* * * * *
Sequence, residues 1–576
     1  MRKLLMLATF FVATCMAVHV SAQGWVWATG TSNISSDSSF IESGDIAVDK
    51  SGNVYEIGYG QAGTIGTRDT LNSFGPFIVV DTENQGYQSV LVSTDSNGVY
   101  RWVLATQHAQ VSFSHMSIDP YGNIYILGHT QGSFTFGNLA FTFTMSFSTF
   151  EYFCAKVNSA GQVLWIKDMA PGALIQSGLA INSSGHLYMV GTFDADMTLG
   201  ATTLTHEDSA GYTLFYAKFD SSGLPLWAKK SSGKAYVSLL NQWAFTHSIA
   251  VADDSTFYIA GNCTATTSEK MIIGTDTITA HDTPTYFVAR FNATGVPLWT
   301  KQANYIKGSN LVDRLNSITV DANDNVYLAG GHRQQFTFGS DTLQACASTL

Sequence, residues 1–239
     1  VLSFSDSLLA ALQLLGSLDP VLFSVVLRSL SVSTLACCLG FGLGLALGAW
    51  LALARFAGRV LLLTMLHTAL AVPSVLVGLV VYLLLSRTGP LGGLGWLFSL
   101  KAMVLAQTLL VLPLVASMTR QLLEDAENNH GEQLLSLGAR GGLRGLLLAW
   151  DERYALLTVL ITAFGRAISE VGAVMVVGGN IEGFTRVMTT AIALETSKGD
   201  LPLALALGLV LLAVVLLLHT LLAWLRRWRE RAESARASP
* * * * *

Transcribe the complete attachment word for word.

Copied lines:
Sequence, residues 1–576
     1  MRKLLMLATF FVATCMAVHV SAQGWVWATG TSNISSDSSF IESGDIAVDK
    51  SGNVYEIGYG QAGTIGTRDT LNSFGPFIVV DTENQGYQSV LVSTDSNGVY
   101  RWVLATQHAQ VSFSHMSIDP YGNIYILGHT QGSFTFGNLA FTFTMSFSTF
   151  EYFCAKVNSA GQVLWIKDMA PGALIQSGLA INSSGHLYMV GTFDADMTLG
   201  ATTLTHEDSA GYTLFYAKFD SSGLPLWAKK SSGKAYVSLL NQWAFTHSIA
   251  VADDSTFYIA GNCTATTSEK MIIGTDTITA HDTPTYFVAR FNATGVPLWT
   301  KQANYIKGSN LVDRLNSITV DANDNVYLAG GHRQQFTFGS DTLQACASTL

Sequence, residues 1–239
     1  VLSFSDSLLA ALQLLGSLDP VLFSVVLRSL SVSTLACCLG FGLGLALGAW
    51  LALARFAGRV LLLTMLHTAL AVPSVLVGLV VYLLLSRTGP LGGLGWLFSL
   101  KAMVLAQTLL VLPLVASMTR QLLEDAENNH GEQLLSLGAR GGLRGLLLAW
   151  DERYALLTVL ITAFGRAISE VGAVMVVGGN IEGFTRVMTT AIALETSKGD
   201  LPLALALGLV LLAVVLLLHT LLAWLRRWRE RAESARASP